Three new Artificial Intelligence approaches for pattern recognition in medical imaging

Brussels 28 March 2000One of the MediMedia workshop presentations dealt with Artificial Intelligence (AI), as applied for pattern classification in medical images. Mr. Arnaldo Maccarone, image analysis algorithm developer at Nergàl, an Italian specialist in high-performance system architectures and advanced IT solutions, described three current AI methods, in order to recognise specific features in a medical image. The different approaches use artificial neural networks (ANN), fuzzy logic systems, and genetic algorithms to perform the classification task. Mr. Maccarone also indicated new ways of combining the three technologies to achieve even more accurate recognition results.

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In general, Artificial Intelligence is able to make a computer learn from experience, allow a machine to build a representation of the world, and let it take logical and common sense decisions. Today, the first two fields are already yielding nice results, but AI performance in trivial decision making is still weak and very time-consuming. The world of AI is divided in two sides. The first one aims to understand and reproduce the intelligent behaviour of human beings. This is related to philosophical questions about the nature of mind, the regularity of organic systems, and syntax and semantics problems. Mr. Maccarone's talk however was about the second aspect of AI, namely the way in which we can take advantage of the enormous memory capabilities in computers, that can manage large amounts of data and perform operations with a high degree of precision. In short, all the tasks humans cannot do.

The goal is not to replace human experts with expert systems but to use the computer in procedures, such as connecting to large databases or handling noise in an appropriate way. At present, computers are not able to deal with partial or "noisy" information but we should like them to manage problems which are non-algorithmic and also to extract significant data from incomplete information. We expect computers to study many features of the same problem simultaneously, whereas most of the operations in computers still are non-parallel. A concrete example of complex classification is pattern recognition, also applied in medical imaging, in order to detect the shape of a single abnormal cell in a picture among a host of normal ones.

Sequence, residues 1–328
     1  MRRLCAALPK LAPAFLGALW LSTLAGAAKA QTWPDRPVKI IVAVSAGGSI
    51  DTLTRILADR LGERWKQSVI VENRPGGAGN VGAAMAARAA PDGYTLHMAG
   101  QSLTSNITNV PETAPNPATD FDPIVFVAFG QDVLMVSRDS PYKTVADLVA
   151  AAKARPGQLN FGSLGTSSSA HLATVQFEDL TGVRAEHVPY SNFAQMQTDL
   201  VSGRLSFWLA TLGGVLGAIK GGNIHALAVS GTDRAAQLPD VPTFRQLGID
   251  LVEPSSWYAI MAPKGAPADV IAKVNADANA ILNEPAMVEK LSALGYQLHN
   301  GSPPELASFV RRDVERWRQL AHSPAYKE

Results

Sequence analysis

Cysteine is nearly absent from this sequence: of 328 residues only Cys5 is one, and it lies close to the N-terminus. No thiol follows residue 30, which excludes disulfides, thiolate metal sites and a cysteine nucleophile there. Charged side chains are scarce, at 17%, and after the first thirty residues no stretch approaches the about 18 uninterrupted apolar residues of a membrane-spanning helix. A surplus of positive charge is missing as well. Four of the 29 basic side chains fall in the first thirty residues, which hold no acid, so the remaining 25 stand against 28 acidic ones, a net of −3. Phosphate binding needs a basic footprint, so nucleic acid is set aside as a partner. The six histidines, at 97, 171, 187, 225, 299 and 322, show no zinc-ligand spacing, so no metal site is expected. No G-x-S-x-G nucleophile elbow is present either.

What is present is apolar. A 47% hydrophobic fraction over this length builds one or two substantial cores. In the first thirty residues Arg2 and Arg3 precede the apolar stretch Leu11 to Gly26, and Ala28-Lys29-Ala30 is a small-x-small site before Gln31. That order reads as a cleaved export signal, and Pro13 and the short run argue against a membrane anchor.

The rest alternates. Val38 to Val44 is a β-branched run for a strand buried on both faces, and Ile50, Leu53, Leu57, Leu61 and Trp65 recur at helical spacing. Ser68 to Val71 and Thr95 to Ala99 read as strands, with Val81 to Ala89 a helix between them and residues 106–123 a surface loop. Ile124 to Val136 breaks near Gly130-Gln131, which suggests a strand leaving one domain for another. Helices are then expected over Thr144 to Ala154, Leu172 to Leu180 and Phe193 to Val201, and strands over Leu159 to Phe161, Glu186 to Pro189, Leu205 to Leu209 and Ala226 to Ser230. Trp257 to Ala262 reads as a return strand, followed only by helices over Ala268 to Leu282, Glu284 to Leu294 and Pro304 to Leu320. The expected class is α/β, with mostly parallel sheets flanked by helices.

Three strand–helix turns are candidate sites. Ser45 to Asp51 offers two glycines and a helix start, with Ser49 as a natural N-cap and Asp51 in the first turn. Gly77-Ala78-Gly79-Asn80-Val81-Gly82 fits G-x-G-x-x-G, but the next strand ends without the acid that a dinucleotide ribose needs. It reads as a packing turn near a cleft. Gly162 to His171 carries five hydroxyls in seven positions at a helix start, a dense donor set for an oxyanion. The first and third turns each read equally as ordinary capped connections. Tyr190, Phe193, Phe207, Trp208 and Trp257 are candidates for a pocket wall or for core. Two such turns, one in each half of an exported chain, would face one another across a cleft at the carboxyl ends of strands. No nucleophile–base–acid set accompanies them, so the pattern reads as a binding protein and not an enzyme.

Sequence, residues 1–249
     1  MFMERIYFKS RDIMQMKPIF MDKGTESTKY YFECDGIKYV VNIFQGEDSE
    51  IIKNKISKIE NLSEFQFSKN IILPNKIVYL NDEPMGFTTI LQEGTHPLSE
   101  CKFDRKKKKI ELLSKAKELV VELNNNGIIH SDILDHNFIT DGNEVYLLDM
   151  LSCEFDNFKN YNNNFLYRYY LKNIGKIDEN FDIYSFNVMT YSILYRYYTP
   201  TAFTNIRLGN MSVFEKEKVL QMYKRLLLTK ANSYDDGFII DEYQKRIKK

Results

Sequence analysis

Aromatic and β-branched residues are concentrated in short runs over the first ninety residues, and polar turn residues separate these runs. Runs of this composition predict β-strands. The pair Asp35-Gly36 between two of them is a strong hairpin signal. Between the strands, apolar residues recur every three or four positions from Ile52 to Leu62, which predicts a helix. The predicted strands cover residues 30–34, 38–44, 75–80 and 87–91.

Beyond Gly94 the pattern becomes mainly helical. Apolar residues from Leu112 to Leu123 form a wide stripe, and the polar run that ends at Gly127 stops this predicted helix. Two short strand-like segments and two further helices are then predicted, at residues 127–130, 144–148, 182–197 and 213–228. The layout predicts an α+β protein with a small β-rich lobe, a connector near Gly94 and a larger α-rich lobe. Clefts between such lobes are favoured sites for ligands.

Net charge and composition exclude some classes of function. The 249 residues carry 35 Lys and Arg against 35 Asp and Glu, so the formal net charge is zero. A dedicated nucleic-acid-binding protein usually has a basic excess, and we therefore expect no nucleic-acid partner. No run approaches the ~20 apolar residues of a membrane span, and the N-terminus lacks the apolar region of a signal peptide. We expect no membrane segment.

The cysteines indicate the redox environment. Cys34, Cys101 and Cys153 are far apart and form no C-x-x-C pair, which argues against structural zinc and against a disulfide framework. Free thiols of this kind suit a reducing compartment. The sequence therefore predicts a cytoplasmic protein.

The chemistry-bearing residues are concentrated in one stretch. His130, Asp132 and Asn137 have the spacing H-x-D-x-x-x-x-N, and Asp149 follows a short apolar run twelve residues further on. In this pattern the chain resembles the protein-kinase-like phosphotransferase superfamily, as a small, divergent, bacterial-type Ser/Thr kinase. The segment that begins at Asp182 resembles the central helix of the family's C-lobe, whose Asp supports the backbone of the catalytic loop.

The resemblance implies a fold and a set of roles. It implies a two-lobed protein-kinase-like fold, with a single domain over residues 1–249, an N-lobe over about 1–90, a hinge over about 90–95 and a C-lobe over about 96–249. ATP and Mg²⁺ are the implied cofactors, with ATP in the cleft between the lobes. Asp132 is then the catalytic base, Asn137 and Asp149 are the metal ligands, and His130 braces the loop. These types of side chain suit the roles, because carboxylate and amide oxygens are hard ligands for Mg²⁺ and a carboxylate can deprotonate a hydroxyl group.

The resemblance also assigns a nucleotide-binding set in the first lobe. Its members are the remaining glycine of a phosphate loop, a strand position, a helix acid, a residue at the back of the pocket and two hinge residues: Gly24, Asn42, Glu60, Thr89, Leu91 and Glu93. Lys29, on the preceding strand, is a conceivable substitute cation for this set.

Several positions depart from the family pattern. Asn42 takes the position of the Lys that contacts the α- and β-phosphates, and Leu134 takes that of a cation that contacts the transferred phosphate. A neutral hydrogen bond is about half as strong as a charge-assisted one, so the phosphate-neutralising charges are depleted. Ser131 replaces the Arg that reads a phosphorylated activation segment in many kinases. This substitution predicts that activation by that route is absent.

Mr. Maccarone introduced the methods of neural networks, fuzzy logic, and genetic algorithms. These three systems have the common feature that they try to imitate the biology of the human brain, which allows them to deal with uncertainty, chance, and probability. The principal idea in artificial neural networking (ANN) is to teach a computer to recognise and classify patterns through intensive training. First, you train a machine with many examples of images containing the specific feature. Then you request the trained ANN to extract the feature from a previously unknown sample. The ANN consists of a large number of neurons or variables, which take on different values and communicate with each other. During the training phase the communication rules between the synapses are externally tuned, such as to reproduce the right output associated with a specified input to optimise recognition. After the training period, the ANN is able to deal with whole new samples.

Fuzzy logic forms another method to approach the human way of reasoning, as Mr. Maccarone explained. Fuzzy systems can divide the output in classes, using a non-binary multi-valued logic for qualitative classification. A water temperature of 30° C, for instance, is labelled neither hot nor cold, but hot for 75% and cold for 25%. Special algorithms are applied to convert the fuzzy output, giving no sharp answers, in a more workable, crisp computer response. In the industrial world, these systems are already widely used and they have proven to be much more efficient than other computers based on the traditional sharp and quantitative evaluation of data. This type of system can be implemented in the data mining of large databases.

The third AI classification method is the so-called genetic algorithm, relying on the idea of evolution. Initially, you can try to solve a given problem with random solutions, which is called the genome of the solution proposed to the problem. The second step consists in evaluating the fitness of the answer by letting all the solutions evolve according to their fitness through the mutual exchange of genes, which are the features of the solutions. In this way, a sort of sexual revolution of solutions is generated, as Mr. Maccarone pointed out. By mixing the genes of two solutions, you can obtain successful offspring in the end. This algorithm is very useful when managing huge amounts of data where a completely random approach to the problem is useless or too time-consuming.

One future evolution of the Artificial Intelligence idea is a combination of the three approaches mentioned by Mr. Maccarone. It is possible, for example, to train neural networks with genetic algorithms and not start from complete randomness of net connections between neurons. Instead, you might tune them by using some genetic algorithm. All of those approaches are currently being investigated by researchers and maybe, in the future, they will be used for medical imaging and industrial applications.


Leslie Versweyveld

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